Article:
Location: Soil Management Research
Title: Crop residue mass needed to maintain soil organic carbon levels: Can it be determined? Authors
|Lamb, John -|
Submitted to: BioEnergy Research
Publication Type: Peer Reviewed Journal
Publication Acceptance Date: December 20, 2013
Publication Date: January 17, 2014
Repository URL: http://handle.nal.usda.gov/10113/58297
Citation: Johnson, J.M., Novak, J.M., Varvel, G.E., Stott, D.E., Osborne, S.L., Karlen, D.L., Lamb, J.A., Baker, J.M., Adler, P.R. 2014. Crop residue mass needed to maintain soil organic carbon levels: Can it be determined? BioEnergy Research. DOI: 10.1007/s12155-013-9402-8. Interpretive Summary: The leaves, stalk and cobs that remain after corn grain is harvested is called stover. Corn stover is expected to be used as major non-food bioenergy feedstock. Corn stover can be used to produce ethanol, or as a substitute for coal or other fossil-fuels. However, enough stover still needs to be returned for soil cover and to build new soil organic matter. Soil organic matter gives soil a dark, rich color and possesses many desirable soil properties. This study used new and previously published data to understand how harvesting stover may alter soil organic matter. The results estimated 3.6 dry tons of stover per acre was needed on average to maintain soil organic matter. However, this amount was highly variable. The results strongly refute the idea that a single value can be used as a recommendation for the amount of residue that needs to stay on the soil. Rather, producers need to work with conservation planners to determine the best strategy for their fields. Over-harvesting the stover could damage the soil, compromising the ability of those soils to provide food, feed, fiber and fuel for the world. Thus, it is critical to have robust and accurate planning tools. The data collected by this team provides information needed to make conservation planning tools and models more robust and accurate; thereby improving residue management guidelines and protecting the soil resource. The bioenergy industry, producers and the general public including policy-makers will benefit from the guidance on the benefits and risks associated with plant-based energy. This research contributes to the USDA-ARS-REAP project.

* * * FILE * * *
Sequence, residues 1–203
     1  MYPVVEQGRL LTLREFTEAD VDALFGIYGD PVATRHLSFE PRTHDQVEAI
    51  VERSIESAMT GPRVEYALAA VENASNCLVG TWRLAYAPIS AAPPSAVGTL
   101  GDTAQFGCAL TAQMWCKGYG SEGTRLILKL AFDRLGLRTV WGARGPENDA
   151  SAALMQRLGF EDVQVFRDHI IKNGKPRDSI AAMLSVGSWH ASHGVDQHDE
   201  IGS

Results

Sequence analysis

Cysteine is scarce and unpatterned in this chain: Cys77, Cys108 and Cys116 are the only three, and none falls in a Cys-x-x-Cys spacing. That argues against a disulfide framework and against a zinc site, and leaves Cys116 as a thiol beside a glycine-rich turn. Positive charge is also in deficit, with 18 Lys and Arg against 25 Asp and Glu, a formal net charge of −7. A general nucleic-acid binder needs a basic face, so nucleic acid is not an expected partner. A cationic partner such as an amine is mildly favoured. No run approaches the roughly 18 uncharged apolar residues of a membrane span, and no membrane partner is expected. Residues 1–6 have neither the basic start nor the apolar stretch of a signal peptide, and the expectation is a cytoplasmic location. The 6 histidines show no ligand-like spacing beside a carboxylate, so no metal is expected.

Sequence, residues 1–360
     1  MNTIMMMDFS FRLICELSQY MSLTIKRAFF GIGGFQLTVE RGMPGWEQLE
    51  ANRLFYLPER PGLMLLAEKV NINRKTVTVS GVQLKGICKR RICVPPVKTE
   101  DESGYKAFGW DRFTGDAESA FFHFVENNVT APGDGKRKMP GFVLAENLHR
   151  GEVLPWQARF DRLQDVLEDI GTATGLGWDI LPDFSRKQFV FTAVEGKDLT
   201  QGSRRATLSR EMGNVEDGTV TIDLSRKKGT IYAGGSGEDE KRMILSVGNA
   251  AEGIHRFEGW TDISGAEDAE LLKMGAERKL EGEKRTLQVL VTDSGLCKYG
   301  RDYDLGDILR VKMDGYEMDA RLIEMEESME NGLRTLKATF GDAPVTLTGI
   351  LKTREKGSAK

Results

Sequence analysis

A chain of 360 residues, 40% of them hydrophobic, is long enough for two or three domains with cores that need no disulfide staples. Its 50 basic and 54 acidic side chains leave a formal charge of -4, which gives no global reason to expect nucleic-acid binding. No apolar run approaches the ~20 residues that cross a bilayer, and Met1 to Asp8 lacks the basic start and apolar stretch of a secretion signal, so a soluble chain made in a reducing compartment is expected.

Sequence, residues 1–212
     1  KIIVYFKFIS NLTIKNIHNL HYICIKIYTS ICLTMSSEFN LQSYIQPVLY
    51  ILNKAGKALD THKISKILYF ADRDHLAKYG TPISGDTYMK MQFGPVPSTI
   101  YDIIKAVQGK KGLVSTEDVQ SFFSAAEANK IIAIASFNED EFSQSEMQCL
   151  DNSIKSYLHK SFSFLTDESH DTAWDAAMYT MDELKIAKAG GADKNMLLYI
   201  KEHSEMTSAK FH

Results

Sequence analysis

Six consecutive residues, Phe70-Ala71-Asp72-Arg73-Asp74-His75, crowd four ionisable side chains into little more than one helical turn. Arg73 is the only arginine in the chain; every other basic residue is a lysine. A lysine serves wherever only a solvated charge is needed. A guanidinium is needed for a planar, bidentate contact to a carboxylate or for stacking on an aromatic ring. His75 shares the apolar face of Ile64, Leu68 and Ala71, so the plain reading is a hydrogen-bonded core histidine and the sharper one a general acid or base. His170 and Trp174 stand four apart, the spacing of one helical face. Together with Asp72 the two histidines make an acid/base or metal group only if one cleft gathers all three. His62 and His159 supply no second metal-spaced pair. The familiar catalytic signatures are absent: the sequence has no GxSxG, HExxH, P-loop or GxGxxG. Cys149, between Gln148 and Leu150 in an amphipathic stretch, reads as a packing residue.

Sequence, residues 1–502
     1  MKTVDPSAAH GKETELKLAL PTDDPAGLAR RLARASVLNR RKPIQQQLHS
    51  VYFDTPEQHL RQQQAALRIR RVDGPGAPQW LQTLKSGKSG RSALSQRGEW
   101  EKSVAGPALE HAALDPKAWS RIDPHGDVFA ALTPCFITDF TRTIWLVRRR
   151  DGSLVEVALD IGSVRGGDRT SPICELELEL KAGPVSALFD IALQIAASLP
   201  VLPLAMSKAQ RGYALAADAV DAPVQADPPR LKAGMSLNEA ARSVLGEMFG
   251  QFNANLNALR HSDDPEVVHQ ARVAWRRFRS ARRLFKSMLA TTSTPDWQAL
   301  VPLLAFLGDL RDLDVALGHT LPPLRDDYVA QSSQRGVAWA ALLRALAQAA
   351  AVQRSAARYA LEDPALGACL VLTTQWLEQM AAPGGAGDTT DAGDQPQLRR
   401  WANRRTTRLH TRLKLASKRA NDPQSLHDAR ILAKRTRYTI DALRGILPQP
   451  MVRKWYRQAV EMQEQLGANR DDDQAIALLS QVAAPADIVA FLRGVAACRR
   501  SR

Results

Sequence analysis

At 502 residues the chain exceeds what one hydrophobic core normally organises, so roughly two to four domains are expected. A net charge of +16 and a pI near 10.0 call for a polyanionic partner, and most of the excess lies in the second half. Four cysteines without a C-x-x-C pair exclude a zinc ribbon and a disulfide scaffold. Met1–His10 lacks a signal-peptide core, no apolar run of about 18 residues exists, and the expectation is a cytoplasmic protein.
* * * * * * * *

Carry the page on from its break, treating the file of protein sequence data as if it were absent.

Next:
Technical Abstract: High yield potential and extensive acreage of corn (Zea mays L.) led to identifying stover as a non-food, herbaceous bioenergy feedstock. A vital aspect of utilizing stover for energy is to establish harvest criteria that avoids exacerbating soil erosion or degrading soil organic carbon (SOC). Our goal is to improve and verify the amount of retained stover needed to sustain SOC content. Data were gathered from a range of locations with divergent climatic conditions and soil properties in anticipation of the results providing key determinates of SOC responses to stover harvest. This current work using data from the Corn Stover Regional Partnership team (Team), which covered seven states and 19 fields, as well as published data to refine minimum residue requirements. Based on Team and published corn-based data (n=43) a minimum residue had an average of 8.2 ± 8.4 Mg stover ha-1 yr-1. No significant regression models were identified to predict minimum residue requirements. However, based on this dataset regression analysis for slope (change in SOC per unit residue) identified two-component model (r2 = 0.21, P=0.007) based on mean annual precipitation and silt+clay content and the overall maximum r2 model included 12 variable (r2 = 0.45, P=0.04). The concept of minimum residue return is conceptually important, but these analyses strongly refute that a universal minimum residue requirement exists. Empirical data are needed to calibrate, validate, and refine process-based modes so that valid sustainable harvest rates guideline are provided to producers, industry, and action agencies.